As discussed earlier, this estimated future cost efficiency is called To Complete Performance Index.

### To Complete Performance Index Example

Let us use our example from Basics of Earned Value Management.

**Given**

EV = 35000

AC = 36000

CPI = 0.97

BAC = 80,000

**Refer to EAC Formula IV – EAC = BAC/CPI**

If the project team continues to work at the current cost efficiency (0.97) then

EAC = 80000/0.97

EAC = 82,474.23

**Inference**

Clearly EAC> BAC. The project team would not be able to complete the project within original budget (BAC), if it continues to perform at the current cost efficiency (CPI).

If the project team wants to complete the project within original budget (BAC), then the future cost efficiency (TCPI) should be greater than 1.

### To Complete Performance Index Formula And Calculation

#### Generic TCPI Equation

TCPI is future cost efficiency. Going by the definition and applying pure mathematical logic, we can write a generic TCPI equation as:

TCPI = (monetary value of *remaining work*)/(*remaining funds*)

**Numerator**

monetary value of *remaining work* = monetary value of *total work* – monetary value of *completed work*

Refer to Basics of Earned Value Analysis or Earned Value Management System Explained in Easy Language, we can rewrite numerator as:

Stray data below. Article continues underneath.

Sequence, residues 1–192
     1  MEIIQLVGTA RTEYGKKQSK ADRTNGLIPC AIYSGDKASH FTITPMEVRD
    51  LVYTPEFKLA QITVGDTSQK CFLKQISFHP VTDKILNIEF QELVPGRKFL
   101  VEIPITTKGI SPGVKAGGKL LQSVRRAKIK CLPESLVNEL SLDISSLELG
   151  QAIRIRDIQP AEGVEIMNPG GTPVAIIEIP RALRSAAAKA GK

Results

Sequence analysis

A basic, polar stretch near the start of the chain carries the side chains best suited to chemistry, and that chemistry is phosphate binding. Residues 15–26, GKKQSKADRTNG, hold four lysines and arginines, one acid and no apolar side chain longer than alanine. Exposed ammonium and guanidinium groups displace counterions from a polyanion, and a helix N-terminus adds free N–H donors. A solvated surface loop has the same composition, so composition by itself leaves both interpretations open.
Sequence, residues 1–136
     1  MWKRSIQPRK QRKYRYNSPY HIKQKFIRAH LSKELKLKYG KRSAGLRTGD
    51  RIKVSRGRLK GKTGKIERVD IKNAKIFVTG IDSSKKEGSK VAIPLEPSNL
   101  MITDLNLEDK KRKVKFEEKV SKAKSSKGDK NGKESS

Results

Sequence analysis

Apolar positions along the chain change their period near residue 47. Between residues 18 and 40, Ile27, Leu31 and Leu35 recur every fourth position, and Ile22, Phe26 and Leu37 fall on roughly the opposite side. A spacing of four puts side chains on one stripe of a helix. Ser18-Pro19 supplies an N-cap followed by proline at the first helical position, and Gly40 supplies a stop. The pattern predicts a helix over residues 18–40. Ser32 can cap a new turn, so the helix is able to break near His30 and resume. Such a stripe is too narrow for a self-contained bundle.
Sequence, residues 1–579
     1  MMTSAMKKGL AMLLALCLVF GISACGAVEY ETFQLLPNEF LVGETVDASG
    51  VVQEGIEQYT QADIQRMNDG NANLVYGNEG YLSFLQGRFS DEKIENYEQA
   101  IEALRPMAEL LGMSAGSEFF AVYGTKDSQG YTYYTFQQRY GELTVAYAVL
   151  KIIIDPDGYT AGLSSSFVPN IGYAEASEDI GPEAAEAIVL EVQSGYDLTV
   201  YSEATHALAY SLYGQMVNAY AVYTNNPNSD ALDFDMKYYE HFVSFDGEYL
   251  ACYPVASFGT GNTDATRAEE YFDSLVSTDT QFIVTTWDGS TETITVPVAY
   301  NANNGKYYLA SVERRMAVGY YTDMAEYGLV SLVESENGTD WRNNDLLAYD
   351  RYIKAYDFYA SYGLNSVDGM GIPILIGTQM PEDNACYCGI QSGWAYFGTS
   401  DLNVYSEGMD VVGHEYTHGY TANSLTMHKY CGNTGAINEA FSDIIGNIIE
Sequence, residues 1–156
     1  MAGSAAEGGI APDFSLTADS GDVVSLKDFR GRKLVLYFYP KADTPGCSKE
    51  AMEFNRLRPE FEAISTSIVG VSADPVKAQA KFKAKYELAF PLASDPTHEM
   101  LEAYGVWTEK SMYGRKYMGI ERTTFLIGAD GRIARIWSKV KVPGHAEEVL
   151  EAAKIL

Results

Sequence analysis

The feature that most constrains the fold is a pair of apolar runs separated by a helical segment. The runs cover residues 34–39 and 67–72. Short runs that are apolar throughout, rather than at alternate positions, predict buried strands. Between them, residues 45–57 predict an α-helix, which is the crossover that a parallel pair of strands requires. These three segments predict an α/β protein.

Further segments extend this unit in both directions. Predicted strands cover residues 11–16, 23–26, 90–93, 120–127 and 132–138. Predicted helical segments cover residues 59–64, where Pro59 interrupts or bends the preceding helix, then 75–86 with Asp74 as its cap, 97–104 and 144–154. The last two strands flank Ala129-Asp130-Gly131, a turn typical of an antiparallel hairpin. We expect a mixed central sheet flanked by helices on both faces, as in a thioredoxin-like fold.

monetary value of *remaining work* = BAC – EV

**Denominator**

*remaining funds* = *total budget* – actual expenditure

Refer to Basics of Earned Value Analysis or Earned Value Management System Explained in Easy Language, we can rewrite numerator as:

*remaining funds *=* total budget *– AC

**Final TCPI Equation**

TCPI = (BAC – EV) / (**total budget** – AC)

Let us now determine *total budget*.

#### TCPI Formula I

If the project has to be completed within original budget (BAC), then we can replace *total budget* in the TCPI equation with BAC. The equation reduces to:

TCPI_{B} = (BAC – EV) / (BAC – AC)

**Calculation**

TCPI_{B} = (80000 – 35000) / (80000 – 36000)

TCPI_{B} = 1.02

#### TCPI Formula II

If the project has to be completed within revised budget (EAC), then we can replace *total budget* in the TCPI equation with EAC. The equation reduces to:

TCPI_{E} = (BAC – EV) / (EAC – AC)

**Calculation if Sponsor imposes a budget (EAC) of 78000
**

TCPI_{E} = (80000 – 35000) / (78000 – 36000)

TCPI_{E} = 1.07

#### Note For PMP Aspirants

There are number of formulas in EVM. You can read Earned Value Management Formulas for a quick snapshot of all the EVM formulas. You need to understand the these formulas to answer PMP questions. A mere memorization of the formulas would not help – you may not be able to apply the correct formula. It is better understand the concept and then apply the formula(s) as required.

I have also compiled a PMP Formulas Pocket Guide. You can download it free for exam prep. It is the most comprehensive pocket guide that is based on the PMBOK Guide 5th Edition. If you are looking for more, you can also buy detailed PMP Exam Formula Study Guide by Cornelius Fichtner. It contains explanations of all the formulas along with examples & 105 PMP practice questions.

EVM is difficult topic. If you still have any confusion on TCPI or EVM, you can write a comment and I will respond to it.